Comparison of antipredator responses of two related water striders to a common predator

James J. Krupa, Andrew Sih

Research output: Contribution to journalArticlepeer-review

9 Scopus citations

Abstract

This study compares the antipredator responses of two congeneric water striders that live in different habitats yet share a common predator. Aquarius nebularis and A. remigis are stream-dwelling species of water striders found in close association in central Kentucky. Aquarius nebularis typically inhabit third-and fourth-order streams that support diverse and complex fish communities; A. remigis inhabit adjacent first- and second-order tributaries that tend to have either no fish or relatively few fish patchily distributed. The ecological conditions for these two species are distinctly different, yet the green sunfish (Lepomis cyanellus) is a surface-feeding predator and a potential risk to both species. In experimental pools with sunfish, an initial fish strike caused A. remigis to move to the edge of the pool and become inactive. For the rest of the observation period, A. remigis reduced behaviour patterns that attract predators such as skating on open water, mating and male-male aggression. The proportion of A. remigis missing from sunfish pools was 5 times higher than in pools lacking fish, suggesting that 20% of water striders were killed by predation. In contrast, an initial fish strike caused A. nebularis to exhibit a burst of activity as individuals erratically skated over the open water. They then resumed the less active pre-attack behaviours a short time later. Aquarius nebularis showed none of the antipredator behaviours typical for A. remigis. Furthermore, the proportion of A. nebularis missing from sunfish pools did not differ from that in pools without fish. Although antipredator behaviour has been examined for relatively few species of water striders, this study suggests that the behaviour of the most commonly studied species, A. remigis, may not be indicative for water striders in general.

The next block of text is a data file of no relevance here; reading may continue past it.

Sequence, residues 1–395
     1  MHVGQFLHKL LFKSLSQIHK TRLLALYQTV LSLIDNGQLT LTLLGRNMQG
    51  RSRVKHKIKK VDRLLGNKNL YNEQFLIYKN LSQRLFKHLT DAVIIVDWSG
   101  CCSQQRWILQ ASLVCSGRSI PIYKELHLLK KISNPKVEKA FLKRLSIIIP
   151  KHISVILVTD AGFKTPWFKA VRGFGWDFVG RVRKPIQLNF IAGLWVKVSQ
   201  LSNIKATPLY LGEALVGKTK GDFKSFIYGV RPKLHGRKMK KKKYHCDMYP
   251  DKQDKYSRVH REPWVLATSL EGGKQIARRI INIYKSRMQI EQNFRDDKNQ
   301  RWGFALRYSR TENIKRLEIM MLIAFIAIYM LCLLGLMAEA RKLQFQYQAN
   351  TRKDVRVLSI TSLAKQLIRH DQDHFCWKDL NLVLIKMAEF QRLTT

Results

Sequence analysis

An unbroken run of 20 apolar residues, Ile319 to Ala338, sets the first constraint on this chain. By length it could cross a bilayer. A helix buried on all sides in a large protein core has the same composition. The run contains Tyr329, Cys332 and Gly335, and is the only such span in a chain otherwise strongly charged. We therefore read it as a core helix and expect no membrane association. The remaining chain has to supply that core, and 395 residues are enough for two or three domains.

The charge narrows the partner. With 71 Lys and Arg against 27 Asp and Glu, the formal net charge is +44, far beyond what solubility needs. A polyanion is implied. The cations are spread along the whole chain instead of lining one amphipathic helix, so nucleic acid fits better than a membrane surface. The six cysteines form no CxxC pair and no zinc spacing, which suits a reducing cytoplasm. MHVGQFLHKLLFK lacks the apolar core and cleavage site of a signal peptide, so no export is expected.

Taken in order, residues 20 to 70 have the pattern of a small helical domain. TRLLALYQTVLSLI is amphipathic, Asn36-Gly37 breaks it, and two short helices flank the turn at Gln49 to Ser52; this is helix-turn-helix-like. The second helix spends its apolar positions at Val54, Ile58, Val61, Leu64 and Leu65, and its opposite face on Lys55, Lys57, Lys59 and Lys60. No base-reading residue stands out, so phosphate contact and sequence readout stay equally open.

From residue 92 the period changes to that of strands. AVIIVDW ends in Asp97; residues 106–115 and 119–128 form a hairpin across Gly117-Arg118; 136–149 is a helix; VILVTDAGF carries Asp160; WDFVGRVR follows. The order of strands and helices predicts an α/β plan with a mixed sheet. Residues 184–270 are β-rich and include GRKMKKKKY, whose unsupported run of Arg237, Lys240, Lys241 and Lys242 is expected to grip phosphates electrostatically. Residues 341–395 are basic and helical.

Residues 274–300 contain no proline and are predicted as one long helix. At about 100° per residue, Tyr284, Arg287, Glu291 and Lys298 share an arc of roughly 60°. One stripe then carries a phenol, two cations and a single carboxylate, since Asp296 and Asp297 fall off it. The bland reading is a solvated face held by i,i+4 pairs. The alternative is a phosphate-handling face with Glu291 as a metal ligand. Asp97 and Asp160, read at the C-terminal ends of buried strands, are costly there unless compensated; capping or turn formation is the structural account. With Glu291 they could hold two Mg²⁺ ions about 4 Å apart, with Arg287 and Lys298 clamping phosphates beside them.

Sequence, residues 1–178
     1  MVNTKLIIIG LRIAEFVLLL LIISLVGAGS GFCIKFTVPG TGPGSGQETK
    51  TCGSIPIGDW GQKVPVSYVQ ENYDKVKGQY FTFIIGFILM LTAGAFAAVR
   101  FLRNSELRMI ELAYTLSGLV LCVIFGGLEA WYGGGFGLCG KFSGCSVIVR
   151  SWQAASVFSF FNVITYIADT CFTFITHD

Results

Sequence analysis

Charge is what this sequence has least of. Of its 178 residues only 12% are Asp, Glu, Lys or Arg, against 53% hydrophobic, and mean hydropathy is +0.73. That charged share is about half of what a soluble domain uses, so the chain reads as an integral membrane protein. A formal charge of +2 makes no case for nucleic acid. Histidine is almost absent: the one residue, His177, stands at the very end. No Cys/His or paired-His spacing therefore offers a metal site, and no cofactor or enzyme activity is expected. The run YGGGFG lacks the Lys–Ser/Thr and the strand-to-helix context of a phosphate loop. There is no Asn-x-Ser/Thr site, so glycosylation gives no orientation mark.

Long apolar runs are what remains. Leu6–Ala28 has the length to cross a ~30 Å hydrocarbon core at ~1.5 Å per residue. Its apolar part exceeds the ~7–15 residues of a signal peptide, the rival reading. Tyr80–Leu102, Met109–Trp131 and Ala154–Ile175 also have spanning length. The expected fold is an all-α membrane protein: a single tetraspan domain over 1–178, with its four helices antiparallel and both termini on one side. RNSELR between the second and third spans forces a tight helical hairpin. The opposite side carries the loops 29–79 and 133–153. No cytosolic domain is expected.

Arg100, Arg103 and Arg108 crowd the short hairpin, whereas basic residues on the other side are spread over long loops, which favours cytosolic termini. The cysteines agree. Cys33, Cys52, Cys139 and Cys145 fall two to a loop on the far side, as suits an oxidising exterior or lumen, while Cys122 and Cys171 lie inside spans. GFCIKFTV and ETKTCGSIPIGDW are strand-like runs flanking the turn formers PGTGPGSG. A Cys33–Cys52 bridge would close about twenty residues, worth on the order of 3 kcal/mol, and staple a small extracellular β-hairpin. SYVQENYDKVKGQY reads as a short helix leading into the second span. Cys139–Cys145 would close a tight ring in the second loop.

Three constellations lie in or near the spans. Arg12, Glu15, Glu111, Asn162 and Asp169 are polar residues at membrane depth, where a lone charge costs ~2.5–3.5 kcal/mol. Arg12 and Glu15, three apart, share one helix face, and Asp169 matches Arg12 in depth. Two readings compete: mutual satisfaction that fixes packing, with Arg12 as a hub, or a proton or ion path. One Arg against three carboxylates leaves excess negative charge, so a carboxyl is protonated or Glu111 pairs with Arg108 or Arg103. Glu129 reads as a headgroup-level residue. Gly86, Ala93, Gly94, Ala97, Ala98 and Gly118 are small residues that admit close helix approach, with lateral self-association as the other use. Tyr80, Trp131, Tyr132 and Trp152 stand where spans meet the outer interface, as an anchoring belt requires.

Original languageEnglish
Pages (from-to)1019-1033
Number of pages15
JournalEthology
Volume105
Issue number12
DOIs
StatePublished - Dec 1999

ASJC Scopus subject areas

  • Ecology, Evolution, Behavior and Systematics
  • Animal Science and Zoology

Fingerprint

Dive into the research topics of 'Comparison of antipredator responses of two related water striders to a common predator'. Together they form a unique fingerprint.

Cite this